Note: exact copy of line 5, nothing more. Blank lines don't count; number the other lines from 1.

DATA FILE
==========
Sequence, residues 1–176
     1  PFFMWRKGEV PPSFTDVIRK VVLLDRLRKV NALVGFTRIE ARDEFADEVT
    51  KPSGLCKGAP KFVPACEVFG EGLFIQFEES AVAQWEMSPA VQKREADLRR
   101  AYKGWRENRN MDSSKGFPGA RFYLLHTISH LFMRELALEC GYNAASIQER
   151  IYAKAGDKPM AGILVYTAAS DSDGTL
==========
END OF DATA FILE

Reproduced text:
   151  IYAKAGDKPM AGILVYTAAS DSDGTL